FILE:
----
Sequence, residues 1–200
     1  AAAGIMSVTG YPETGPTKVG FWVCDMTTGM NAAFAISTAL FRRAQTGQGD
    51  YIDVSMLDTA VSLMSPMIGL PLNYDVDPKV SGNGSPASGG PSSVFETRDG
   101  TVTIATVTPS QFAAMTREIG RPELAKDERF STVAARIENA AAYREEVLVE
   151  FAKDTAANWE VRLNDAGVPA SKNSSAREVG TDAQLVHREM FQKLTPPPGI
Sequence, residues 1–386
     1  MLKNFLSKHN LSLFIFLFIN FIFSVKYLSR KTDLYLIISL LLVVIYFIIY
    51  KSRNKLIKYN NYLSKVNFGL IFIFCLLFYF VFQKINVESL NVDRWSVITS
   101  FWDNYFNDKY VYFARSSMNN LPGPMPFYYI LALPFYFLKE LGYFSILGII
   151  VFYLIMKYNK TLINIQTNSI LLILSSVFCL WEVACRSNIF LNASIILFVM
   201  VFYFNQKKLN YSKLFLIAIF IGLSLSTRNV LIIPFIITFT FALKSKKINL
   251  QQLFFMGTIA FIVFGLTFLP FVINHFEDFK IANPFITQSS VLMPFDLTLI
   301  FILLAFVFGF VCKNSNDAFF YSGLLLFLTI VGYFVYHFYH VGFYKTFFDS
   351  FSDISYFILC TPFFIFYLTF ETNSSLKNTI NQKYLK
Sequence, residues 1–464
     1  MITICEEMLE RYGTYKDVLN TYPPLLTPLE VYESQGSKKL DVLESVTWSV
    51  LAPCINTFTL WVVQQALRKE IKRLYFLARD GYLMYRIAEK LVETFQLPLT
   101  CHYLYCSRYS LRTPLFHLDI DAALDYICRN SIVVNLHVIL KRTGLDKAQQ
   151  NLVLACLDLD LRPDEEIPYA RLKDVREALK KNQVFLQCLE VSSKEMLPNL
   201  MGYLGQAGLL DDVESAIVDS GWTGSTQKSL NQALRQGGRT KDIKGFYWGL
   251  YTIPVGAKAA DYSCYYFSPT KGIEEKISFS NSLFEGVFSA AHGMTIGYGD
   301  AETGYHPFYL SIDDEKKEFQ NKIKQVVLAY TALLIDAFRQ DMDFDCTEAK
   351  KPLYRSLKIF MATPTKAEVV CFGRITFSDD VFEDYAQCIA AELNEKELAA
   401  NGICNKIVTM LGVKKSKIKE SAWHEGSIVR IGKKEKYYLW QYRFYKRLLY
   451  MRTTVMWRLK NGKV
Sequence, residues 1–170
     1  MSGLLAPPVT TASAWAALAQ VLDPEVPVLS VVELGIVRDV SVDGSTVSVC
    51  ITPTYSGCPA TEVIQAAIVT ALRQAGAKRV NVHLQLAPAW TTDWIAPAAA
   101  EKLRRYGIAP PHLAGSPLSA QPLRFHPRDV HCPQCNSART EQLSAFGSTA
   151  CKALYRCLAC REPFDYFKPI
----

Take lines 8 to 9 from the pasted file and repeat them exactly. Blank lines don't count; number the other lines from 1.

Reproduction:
    51  KSRNKLIKYN NYLSKVNFGL IFIFCLLFYF VFQKINVESL NVDRWSVITS
   101  FWDNYFNDKY VYFARSSMNN LPGPMPFYYI LALPFYFLKE LGYFSILGII